Line 61 project

This map shows the existing Enbridge oil pipeline route from Superior to Flanagan, Illinois. The company hopes to make changes to the portion that passes through northeast Dane County. 

An energy company is appealing a Dane County zoning decision requiring an additional $25 million in insurance before it can start a pipeline expansion project.

Enbridge Corporation filed an appeal on May 4 asking the Dane County Board of Supervisors to overturn the Dane County Zoning and Land Regulation Committee’s decision.

Company lawyers said county zoning is stepping outside its legal authority by requiring the company to get environmental impairment insurance (EIL) on a conditional use permit for substation upgrades in the Town of Medina. 

The company’s plan is to double the volume of tar sand oil being transported through the county on Line 61 that runs from Superior to northern Illinois.

Enbridge lawyers say federal laws govern interstate pipeline safety and the county decision is shutting down the entire Line 61 expansion project unnecessarily, which may lead to high oil prices for consumers.

The company contends the zoning committee and the town have no valid basis under county ordinances to impose insurance requirements.

County zoning unanimously approved the CUP last month after an insurance expert consultant, David Dybdahl, recommended the additional EIL insurance coverage because it specifically covers clean-up, restoration and natural resources damage and fills in the gap of the general liability coverage.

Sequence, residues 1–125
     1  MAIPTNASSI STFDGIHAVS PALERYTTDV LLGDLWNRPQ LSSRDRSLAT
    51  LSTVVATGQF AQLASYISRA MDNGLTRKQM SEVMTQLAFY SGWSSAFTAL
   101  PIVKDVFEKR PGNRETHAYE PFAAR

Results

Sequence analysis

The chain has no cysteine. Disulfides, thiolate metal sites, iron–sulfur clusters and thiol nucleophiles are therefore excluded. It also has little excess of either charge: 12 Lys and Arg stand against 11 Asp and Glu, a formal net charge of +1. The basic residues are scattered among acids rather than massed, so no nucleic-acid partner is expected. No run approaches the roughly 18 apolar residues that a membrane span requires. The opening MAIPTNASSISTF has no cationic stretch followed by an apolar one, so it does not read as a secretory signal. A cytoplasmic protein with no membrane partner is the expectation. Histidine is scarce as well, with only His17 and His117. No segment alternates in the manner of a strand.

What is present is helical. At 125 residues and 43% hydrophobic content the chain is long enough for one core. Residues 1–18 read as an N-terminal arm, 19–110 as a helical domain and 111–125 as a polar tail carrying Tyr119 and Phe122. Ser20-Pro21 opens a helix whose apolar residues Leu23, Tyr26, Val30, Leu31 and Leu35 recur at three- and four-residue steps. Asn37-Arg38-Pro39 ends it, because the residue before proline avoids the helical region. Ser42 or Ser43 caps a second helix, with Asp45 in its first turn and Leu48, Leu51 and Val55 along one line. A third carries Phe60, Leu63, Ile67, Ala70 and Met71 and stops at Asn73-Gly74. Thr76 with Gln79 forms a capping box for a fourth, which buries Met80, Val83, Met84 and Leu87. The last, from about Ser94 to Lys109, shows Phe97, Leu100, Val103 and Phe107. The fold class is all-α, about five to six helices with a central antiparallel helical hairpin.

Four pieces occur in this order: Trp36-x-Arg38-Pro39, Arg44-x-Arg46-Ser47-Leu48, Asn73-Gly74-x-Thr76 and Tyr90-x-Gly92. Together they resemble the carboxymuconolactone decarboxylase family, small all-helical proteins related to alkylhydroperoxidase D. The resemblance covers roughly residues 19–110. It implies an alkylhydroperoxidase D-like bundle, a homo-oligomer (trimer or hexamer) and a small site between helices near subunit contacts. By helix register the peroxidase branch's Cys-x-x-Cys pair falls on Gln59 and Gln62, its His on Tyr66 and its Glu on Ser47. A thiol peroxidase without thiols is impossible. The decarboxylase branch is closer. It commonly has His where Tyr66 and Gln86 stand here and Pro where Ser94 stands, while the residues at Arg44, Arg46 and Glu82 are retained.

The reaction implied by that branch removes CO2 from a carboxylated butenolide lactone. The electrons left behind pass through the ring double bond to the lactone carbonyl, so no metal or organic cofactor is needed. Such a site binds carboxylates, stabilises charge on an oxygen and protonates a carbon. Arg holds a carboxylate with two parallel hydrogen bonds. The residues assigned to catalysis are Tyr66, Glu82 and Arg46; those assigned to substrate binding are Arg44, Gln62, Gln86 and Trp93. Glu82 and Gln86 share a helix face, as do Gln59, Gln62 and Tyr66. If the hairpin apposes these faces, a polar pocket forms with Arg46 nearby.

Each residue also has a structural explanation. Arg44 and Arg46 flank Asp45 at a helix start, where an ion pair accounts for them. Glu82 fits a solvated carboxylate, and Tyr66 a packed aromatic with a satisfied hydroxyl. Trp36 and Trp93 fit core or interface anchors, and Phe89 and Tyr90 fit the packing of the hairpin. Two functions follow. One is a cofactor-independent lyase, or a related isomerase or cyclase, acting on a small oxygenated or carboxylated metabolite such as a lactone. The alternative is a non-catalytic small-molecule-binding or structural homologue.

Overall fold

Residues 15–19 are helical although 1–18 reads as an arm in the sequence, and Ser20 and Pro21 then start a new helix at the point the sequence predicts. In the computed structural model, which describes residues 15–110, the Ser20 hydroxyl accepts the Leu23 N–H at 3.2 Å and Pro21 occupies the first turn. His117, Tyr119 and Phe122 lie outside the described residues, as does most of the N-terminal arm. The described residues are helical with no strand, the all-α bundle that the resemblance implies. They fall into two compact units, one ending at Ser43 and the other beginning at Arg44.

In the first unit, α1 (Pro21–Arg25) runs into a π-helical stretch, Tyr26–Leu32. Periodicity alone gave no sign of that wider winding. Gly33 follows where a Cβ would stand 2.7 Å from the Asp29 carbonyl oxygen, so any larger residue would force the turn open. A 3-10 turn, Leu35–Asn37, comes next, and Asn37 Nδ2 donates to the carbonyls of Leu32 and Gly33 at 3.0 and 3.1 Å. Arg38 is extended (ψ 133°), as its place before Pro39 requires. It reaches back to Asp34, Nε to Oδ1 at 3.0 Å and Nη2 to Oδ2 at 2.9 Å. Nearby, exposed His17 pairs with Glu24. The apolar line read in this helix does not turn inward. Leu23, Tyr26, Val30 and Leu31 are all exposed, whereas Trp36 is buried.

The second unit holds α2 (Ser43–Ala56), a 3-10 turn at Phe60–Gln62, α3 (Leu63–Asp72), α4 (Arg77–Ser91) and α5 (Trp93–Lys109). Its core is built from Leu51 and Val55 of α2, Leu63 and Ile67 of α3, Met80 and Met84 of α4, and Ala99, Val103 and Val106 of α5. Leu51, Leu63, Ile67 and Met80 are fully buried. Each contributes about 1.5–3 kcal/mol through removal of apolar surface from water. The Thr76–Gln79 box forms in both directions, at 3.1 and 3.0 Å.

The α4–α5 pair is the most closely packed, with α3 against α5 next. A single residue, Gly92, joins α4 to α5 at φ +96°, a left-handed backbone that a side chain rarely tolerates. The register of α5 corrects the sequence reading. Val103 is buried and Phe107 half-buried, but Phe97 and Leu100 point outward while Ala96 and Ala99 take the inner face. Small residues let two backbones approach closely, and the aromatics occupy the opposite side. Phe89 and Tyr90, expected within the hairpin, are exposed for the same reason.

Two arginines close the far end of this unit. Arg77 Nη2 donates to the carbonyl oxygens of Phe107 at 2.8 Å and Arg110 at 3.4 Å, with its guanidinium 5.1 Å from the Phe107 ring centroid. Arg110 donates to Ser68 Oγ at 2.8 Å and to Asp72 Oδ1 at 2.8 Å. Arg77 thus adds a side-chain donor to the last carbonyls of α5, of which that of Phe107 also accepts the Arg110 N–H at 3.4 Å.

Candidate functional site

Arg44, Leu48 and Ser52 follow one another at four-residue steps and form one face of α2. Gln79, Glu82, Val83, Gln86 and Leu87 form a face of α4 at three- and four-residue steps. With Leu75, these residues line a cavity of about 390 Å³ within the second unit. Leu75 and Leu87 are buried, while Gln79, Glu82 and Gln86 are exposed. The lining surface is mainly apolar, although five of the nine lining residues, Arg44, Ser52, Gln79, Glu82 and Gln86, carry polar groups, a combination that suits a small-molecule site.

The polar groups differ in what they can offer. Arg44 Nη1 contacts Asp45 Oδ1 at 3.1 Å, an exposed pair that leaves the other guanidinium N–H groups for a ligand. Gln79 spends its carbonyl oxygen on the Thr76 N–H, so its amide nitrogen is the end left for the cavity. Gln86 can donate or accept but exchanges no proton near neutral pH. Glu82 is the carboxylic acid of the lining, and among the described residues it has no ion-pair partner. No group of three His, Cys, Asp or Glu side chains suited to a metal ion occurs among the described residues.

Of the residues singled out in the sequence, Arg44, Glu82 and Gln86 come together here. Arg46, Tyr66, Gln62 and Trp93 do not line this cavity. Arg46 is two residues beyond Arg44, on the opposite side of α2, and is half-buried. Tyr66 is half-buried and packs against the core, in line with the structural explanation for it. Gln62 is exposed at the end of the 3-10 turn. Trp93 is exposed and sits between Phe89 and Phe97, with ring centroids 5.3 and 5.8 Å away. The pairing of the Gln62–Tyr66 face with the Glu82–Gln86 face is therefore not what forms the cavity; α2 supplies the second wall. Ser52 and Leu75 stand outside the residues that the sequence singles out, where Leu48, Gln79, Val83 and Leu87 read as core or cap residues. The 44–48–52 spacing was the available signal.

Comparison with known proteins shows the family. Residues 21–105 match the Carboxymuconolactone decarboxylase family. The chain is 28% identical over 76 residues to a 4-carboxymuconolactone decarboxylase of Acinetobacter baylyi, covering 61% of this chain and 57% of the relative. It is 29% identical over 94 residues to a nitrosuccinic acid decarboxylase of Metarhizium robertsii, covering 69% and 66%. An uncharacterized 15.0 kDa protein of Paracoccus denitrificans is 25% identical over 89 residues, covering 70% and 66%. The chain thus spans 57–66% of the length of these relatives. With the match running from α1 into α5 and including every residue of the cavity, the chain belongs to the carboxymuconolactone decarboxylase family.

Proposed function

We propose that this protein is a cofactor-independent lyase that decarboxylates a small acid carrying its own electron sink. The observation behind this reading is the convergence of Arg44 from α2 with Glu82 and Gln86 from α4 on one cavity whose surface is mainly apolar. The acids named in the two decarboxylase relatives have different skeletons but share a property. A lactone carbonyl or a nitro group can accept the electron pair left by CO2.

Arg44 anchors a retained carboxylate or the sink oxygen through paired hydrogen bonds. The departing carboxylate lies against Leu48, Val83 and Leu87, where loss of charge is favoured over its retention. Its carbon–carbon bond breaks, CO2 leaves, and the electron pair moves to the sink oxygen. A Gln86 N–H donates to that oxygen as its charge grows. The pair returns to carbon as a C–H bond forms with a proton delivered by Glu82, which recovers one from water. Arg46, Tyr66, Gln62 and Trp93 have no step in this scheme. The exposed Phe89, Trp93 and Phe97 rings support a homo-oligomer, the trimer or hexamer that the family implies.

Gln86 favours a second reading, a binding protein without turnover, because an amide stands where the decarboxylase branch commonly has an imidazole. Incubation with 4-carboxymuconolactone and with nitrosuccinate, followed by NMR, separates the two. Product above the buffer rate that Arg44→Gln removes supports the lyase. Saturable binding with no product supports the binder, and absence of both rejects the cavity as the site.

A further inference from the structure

Environmental groups -- including the Sierra Club and 350 Madison -- advocated for the additional insurance coverage because of the threat of an oil spill, citing the company’s track record with previous spills.

Enbridge says it has more than enough insurance to cover spills—$700 million in general liability insurance and an additional $100 million per incident offered, where it would name Dane County as the insured.

The company said the zoning committee’s decision to require additional insurance was based on erroneous legal standard and political pressure, and not on substantial evidence. It also said the county did not act in a timely manner, delaying the decision on the August 2014 application until April 2015.

Enbridge spokesperson Jennifer Smith said the company wants to work with the county on a “plausible” solution. 

“We appreciate the county’s due diligence in looking into this insurance condition but we believe the additional insurance is not necessary, and obtaining EIL is unsustainable,” Smith said.

Smith did not say how much the additional EIL would cost the company but said it is only available on a limited basis and is market driven by other events or factors unrelated to Enbridge. She said the company could not guarantee compliance with the CUP requirements.

“It is not something that we would be able to sustain going forward,” Smith said.

The Line 61 expansion project was expected to be completed by the end of the year but has been held up by the county’s decision delay, and now the appeal process, Smith said. Upgrades have taken place on substations from Superior to Pontiac, Ill. already.

Smith said Line 61 and the Waterloo pump station are critical infrastructure for the region and will provide energy security and reliability for years to come.

Environmental advocacy group, 350 Madison, which urged the county to ask for EIL coverage, is encouraging supporters to come to the June 4 county board meeting where the appeal will be heard.

Roger Lane, Dane County Zoning Administrator, said that there’s only been a handful of zoning appeals since the process changed in 2014.

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